"The Australian children are sitting on the ground by that wall."

Translation:Az ausztrál gyerekek annál a falnál ülnek a földön.

August 14, 2016

This discussion is locked.


Comments on my response, "Az ausztrál gyerekek a földön ülnek annál a falnál"? It was marked incorrect.

BTW, this (apparent) splitting of the two "locative" prepositional phrases is odd without some sort of special (e.g. emphasis-driven) reason (as in vvsey's response to mithwiz, as I understand it). To me, the English version's two prepositional phrases of place, "on the ground by that wall," should (or at least could) stick together because the second further narrows the location given in the first phrase.

I realize my response above maintains the split by simply transposing the two "place" phrases, and I'm interested in know if that's allowed and what it means. I'm also interested in knowing if something such as "Az ausztrál gyerekek ülnek a földön annál a falnál" is possible.


Is this correct or have I changed the meaning with my word order?

Annál a falnál az ausztrál gyerekek a földön ülnek.


The sentence itself is a valid sentence but yes, you changed the meaning. What you are saying is something like this:

At that wall, the Australian children are sitting on the ground. (However, at this other wall .....)


Thanks vvsey! Your comments have been so helpful, even when I haven't commented. :)


also a question about word order. I was trying to follow what I understood about them: I was assuming that the focus here was "that wall" (by opposition to another wall. Therefore I placed it right before the verb, which seems to be correct. I also thought that the topic was before the focus but maybe a foldón cannot be considered a topic. Az ausztrál gyerekek a földön annal a falnál ülnek. was not accepted. so much more to learn.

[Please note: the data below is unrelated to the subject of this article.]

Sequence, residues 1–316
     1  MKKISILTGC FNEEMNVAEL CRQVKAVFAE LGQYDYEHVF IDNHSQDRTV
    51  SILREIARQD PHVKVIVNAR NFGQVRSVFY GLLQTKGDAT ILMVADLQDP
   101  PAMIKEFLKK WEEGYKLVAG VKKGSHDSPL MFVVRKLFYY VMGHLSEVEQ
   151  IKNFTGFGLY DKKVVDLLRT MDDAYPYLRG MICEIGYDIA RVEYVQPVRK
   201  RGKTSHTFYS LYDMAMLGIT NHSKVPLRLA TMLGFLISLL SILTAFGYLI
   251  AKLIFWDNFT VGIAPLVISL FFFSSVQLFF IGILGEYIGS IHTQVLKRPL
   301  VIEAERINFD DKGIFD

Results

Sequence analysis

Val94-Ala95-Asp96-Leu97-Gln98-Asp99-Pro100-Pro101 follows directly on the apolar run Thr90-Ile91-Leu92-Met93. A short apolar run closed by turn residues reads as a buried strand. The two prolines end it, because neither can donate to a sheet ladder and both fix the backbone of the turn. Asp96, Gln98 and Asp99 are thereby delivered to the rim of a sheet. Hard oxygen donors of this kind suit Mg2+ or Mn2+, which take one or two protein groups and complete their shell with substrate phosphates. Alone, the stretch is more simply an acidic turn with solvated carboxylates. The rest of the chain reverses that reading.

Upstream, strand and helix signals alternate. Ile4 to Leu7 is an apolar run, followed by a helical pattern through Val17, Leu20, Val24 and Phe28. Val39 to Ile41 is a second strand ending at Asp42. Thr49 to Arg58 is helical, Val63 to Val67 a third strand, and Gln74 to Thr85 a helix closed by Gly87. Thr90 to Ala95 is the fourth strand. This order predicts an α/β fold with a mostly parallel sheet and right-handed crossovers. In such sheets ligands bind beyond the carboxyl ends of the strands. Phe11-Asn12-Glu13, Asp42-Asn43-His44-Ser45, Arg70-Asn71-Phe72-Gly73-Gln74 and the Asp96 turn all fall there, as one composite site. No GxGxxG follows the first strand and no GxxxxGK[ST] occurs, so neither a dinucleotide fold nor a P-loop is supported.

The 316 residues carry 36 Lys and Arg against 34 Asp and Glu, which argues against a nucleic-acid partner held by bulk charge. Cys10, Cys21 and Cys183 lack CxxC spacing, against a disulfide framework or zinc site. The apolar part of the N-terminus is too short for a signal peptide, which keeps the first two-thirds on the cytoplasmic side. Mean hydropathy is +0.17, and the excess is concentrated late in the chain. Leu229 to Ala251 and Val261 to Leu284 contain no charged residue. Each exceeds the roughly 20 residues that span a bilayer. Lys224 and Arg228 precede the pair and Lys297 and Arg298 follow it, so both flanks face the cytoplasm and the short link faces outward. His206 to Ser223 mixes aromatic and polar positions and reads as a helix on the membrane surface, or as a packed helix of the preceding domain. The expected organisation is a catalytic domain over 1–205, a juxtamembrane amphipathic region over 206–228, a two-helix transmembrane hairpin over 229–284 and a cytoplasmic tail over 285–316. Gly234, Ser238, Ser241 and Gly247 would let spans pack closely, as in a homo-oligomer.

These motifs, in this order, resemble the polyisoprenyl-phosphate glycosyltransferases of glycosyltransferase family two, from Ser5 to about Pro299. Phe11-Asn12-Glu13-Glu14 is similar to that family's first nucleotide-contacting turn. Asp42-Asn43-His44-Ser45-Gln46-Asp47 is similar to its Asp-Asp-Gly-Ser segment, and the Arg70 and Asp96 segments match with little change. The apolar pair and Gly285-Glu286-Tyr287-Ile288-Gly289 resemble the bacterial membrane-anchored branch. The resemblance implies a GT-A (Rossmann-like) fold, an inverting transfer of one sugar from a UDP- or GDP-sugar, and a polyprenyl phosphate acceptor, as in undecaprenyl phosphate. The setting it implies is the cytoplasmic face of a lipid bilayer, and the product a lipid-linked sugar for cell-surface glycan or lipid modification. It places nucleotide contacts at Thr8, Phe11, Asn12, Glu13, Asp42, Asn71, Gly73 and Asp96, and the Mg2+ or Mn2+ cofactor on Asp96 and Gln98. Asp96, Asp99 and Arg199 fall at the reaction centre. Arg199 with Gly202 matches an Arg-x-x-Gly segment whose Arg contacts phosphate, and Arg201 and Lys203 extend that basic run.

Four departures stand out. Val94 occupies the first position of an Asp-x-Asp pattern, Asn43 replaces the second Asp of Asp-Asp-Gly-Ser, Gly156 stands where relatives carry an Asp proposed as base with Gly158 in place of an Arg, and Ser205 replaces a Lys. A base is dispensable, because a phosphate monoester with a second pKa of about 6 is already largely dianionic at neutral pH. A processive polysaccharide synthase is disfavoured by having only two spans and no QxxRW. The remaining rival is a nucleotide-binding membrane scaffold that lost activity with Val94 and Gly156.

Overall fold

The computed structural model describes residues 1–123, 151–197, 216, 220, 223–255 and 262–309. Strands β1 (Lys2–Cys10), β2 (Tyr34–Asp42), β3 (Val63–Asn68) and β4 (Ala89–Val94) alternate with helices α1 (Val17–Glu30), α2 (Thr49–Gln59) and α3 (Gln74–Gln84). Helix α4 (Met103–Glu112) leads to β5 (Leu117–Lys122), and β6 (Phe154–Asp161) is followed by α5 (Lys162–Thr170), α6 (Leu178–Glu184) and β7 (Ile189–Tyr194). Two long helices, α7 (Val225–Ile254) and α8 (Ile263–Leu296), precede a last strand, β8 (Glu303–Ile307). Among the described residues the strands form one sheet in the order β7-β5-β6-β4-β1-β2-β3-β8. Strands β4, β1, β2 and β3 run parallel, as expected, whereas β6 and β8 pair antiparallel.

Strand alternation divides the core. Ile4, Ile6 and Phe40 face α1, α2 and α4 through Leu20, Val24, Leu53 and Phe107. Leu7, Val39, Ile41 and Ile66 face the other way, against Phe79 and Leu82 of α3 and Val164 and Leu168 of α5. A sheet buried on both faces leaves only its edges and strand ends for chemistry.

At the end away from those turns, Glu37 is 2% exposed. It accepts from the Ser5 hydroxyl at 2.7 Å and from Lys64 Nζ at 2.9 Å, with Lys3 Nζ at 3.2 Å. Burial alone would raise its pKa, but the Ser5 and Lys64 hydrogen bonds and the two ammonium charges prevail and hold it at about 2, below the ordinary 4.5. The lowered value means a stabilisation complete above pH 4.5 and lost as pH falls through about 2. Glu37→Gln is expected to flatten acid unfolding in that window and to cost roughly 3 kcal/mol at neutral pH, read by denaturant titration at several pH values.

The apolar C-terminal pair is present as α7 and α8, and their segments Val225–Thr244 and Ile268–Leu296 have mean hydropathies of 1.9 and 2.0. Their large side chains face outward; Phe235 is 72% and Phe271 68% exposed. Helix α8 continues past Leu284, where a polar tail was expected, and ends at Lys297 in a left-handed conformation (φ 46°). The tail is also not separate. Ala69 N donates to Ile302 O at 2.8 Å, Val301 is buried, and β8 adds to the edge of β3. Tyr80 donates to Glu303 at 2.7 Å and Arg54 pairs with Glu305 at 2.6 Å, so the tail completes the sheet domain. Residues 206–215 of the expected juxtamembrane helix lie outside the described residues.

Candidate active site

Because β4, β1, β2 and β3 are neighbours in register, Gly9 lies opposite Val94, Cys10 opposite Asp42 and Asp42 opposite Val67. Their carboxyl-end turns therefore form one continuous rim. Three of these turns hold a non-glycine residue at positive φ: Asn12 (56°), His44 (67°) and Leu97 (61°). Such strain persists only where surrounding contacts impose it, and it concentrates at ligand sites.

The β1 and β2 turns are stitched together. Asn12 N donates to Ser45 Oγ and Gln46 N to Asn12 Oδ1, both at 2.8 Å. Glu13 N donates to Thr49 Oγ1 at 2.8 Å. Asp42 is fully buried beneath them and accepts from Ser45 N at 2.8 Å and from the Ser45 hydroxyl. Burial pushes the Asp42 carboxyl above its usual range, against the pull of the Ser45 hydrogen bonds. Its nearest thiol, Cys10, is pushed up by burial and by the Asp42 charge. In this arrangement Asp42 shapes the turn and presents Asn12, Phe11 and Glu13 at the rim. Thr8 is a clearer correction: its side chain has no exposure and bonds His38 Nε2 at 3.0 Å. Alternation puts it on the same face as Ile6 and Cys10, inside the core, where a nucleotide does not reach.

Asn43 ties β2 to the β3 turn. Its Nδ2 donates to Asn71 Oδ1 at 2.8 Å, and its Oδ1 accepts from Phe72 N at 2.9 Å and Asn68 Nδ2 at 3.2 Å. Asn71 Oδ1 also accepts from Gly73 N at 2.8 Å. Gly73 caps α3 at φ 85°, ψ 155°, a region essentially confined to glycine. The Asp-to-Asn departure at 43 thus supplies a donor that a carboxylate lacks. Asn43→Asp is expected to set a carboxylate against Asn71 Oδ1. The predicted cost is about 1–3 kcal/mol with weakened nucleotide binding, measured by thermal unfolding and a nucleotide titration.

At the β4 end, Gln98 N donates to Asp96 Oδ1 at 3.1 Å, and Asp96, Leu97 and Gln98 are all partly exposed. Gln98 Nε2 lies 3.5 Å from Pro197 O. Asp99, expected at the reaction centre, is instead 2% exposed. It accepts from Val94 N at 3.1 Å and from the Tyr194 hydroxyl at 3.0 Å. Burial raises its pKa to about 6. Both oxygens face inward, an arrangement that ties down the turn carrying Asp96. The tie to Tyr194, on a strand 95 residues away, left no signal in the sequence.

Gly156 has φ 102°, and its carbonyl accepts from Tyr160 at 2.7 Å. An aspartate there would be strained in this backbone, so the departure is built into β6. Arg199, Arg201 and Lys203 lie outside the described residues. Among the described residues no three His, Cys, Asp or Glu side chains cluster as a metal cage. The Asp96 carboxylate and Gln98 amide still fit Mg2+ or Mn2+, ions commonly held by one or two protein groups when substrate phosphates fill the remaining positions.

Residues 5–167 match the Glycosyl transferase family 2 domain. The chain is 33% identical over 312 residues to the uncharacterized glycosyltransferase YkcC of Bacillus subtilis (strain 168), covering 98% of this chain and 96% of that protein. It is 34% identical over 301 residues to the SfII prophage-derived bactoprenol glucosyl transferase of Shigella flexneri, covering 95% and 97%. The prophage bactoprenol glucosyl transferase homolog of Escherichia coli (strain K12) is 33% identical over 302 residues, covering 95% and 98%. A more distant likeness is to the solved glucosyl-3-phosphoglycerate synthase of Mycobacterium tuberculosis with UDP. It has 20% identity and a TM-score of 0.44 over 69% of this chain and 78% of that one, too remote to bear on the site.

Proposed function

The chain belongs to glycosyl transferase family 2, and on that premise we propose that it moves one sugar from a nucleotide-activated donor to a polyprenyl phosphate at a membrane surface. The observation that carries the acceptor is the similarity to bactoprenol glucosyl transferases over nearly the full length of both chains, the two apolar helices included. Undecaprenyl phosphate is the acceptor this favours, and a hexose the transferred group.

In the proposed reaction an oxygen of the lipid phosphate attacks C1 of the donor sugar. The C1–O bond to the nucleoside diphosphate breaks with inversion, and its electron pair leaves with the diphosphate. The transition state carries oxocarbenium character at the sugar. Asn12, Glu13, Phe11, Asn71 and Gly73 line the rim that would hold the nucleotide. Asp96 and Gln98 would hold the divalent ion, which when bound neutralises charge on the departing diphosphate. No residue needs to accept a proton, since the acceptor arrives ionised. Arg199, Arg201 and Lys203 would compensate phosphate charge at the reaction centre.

The problem I always have is that, despite vvsey's consistently helpful answers, I can't tell what's being emphasized in an English sentence. English is so order-dependent that unless there's a special construction, or I can hear the voiced emphasis of a speaker that I think it's almost impossible to understand special emphasis, unlike Hungarian.


I would agree. I think that's why English writers make use of devices like bold and italics. Formats like comic books seem to do this more often, where there's an emphasis on how the words would sound when spoken aloud.


From what I've read in this thread and others, it seems that the "correct" text here is too constrained. The Hungarian sentence seems to be emphasizing annál a falnál in a way that I don't get from the English sentence -- "by that wall" is not emphasized at all in my reading of the English, but is instead just a further clarification of the location, as ray.meredith notes.

Is Az ausztral gyerekek a földön ülnek annál a falnál flat-out incorrect? Or is this practice question wonky?

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